At this point, you might be expecting me to say how awesome our run in Sorrento was. That it was filled with gorgeous sights and awesomeness. Nope. It was terrible. My legs felt awful and I was pretty much ready to retire from running. We ran a little over 2.5 miles due to the running course (not ideal) and my legs. Generally, I think that running anything less than 3 miles is a waste of my time, so this was a huge defeat for me. It was actually an auspicious decision, because when we got to Rome, Husband and I walked all the way from the train station to the Vatican and back. That was about a 6-7 mile walk. We ended up getting our work-out in!

This is a view of the city walls in Sorrento. Not taken on our run, but on an epic walk to our restaurant on the marina.

This is a view of the city walls in Sorrento. Not taken on our run, but on an epic walk to our restaurant on the marina.

Running 2: Rome

Hands-down, this was one of the coolest runs that I have ever done. Husband and I got up early to go for our run. Many in Maryland talked about how hot it was in the DMV while we were gone. It was pretty darn hot in Rome as well. On our run, we ran around the Forum, on the Circus Maximus, and past the Colosseum. So. Awesome. This run finally felt good and I was able to power up one of Rome’s famous hills. These hills. They are not joke. It was a 4 mile jaunt and Husband I walked another 6 miles later in the day. We were walking machines.

Yep. This was part of our run. We took this later in the previous day, but how awesome is running past the old stuff?

Yep. This was part of our run. We took this later in the previous day, but how awesome is running past the old stuff?

Running 3: Florence

This was the best run of the three. We were feeling good and Florence is surprisingly runner and cyclist-friendly. Unlike Rome, where you are pretty certain you are going to die at any moment on the road, Florence has designated runner/cyclist lanes and many streets that are too narrow except for scooters to cruise down. This jaunt took us over the Arno, through the streets, past the Palazzo Vecchio, back over the bridge, past the Pitti Palace, then along the Arno and back to our hotel. It was an amazing run that really made me feel fantastic…and the hotel had delectable pains au chocolat to “refuel.’ Overall, an incredible day. 🙂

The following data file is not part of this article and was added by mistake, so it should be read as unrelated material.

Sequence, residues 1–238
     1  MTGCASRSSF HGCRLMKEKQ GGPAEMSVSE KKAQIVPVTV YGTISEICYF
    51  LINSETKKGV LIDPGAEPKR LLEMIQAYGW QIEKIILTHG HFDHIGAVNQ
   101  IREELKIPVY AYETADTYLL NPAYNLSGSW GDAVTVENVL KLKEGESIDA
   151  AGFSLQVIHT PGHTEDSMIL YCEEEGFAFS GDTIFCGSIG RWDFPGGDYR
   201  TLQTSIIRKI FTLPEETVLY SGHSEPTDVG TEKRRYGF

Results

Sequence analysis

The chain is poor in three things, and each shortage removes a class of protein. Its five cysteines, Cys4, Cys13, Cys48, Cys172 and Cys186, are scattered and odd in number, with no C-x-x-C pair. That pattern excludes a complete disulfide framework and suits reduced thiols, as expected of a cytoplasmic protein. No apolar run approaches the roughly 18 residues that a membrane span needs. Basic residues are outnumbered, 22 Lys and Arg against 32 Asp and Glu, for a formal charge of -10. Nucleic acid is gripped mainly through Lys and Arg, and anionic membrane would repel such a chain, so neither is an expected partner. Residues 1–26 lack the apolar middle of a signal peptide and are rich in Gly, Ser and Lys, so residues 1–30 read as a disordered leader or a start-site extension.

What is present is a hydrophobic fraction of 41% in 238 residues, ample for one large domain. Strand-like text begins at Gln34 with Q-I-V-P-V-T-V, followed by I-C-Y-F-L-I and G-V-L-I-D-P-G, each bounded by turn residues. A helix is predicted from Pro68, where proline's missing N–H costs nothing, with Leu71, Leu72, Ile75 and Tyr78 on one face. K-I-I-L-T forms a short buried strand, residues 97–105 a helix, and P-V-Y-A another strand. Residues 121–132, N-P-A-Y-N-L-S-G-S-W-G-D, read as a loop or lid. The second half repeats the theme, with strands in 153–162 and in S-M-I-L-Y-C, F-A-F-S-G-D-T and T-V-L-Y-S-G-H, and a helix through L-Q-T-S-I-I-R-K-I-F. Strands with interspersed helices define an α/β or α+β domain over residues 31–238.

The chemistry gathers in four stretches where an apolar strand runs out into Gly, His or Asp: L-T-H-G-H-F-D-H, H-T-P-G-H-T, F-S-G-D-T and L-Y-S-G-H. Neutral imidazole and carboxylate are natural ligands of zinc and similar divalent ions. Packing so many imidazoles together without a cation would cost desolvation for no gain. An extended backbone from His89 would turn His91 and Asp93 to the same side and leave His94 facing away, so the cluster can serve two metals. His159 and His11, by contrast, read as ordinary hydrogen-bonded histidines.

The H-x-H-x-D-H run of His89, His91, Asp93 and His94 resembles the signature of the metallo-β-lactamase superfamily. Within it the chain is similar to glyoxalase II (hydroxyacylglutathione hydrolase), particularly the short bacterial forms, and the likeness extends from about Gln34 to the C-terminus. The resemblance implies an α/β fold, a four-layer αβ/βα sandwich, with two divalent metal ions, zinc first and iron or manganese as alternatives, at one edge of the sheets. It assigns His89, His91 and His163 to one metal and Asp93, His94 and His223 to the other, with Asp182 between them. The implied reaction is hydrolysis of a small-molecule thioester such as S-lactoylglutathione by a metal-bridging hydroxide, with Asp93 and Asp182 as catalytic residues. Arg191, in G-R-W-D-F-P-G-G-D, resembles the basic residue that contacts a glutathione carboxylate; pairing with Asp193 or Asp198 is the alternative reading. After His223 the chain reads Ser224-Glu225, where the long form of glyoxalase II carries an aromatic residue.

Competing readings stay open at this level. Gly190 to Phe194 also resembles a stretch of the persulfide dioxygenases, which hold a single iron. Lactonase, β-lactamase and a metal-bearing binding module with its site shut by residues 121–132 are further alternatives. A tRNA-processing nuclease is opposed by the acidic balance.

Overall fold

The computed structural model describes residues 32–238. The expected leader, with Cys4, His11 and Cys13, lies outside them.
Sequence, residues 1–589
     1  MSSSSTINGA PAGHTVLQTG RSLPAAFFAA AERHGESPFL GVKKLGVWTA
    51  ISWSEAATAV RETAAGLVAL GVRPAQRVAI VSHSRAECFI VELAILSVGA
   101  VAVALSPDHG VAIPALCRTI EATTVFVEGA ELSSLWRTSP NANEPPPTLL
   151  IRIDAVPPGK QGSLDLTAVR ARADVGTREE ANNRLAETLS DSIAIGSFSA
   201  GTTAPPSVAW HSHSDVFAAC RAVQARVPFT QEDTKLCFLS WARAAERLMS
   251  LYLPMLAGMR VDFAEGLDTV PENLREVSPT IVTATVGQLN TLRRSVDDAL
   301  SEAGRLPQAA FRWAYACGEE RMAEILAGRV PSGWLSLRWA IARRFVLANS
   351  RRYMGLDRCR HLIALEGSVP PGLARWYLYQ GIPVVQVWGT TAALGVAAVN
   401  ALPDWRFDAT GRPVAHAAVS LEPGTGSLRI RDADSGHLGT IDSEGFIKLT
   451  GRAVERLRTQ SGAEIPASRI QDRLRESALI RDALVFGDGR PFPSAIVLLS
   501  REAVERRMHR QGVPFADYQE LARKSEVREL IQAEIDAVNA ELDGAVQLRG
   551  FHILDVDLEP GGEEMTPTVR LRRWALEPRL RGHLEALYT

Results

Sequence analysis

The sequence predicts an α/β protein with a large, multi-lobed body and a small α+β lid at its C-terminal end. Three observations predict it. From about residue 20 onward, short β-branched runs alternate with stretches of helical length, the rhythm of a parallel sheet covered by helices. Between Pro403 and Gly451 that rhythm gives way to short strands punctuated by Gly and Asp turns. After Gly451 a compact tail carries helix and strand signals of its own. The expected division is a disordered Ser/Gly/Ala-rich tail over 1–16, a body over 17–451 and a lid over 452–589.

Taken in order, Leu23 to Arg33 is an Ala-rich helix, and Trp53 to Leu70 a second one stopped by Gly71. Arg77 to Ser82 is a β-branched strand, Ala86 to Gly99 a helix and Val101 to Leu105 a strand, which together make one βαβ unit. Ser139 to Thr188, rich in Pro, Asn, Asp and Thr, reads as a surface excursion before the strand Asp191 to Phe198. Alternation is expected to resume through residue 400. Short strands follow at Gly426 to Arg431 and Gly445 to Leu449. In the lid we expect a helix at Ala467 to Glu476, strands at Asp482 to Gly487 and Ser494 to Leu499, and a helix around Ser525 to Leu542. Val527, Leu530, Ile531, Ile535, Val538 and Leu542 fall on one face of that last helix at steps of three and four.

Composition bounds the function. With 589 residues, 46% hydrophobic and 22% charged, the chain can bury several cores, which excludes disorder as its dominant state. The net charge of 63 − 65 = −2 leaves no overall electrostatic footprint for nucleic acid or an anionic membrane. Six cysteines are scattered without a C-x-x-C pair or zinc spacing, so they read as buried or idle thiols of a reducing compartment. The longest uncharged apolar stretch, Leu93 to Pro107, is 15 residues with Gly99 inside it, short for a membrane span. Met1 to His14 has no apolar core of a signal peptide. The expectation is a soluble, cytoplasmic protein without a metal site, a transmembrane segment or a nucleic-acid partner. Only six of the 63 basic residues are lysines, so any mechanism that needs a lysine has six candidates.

Running in Florence. This was taken after my run and I'm repping the high school XC team. Hooray, Florence! Hooray, Ponte Vecchio!

Running in Florence. This was taken after my run and I’m repping the high school XC team. Hooray, Florence! Hooray, Ponte Vecchio!

While I didn’t keep to my training schedule, I enjoyed my trip and most of the runs that we did. Sometimes you need to break from training and really enjoy your surroundings.

Italy 1: Italy, You’re Doing It Right


Recently, Husband and I were lucky enough to take a trip to Italy. Fortunately, Grandma agreed to take stellar care of Ben so that we could have a nice trip in honor of our anniversary and birthdays. I have been to Italy a couple of times before (yes, I do find myself lucky!), but it was Husband’s first trip and there are few things I love to do more than travel. As a grown-up,  I noticed that Italy does certain things better than other places. Even though the economy is in the pooper, here are some things that Italy is doing right:

  1. Food. Italian food is always and will forever be amazing. They do things with the humble zucchini that I can’t imagine. Tomatoes? Amazing. Don’t get me started on gelato. Holy cow.
  2. Really old stuff. Husband and I invent imaginary pass-times for the various cities that we visit based upon what we see. Paris’s motto is, “Hey, I’m bored. Wanna go build a cathedral?” D.C.’s is, “Hey, I’m bored. Wanna go build a monument?” All of Italy’s solution to boredom is, “Wanna go find some really old stuff?” I love walking down the street in Rome, turning my head and, “Oh hey! This is the spot where Caesar was killed.” You can’t see that on the streets of D.C.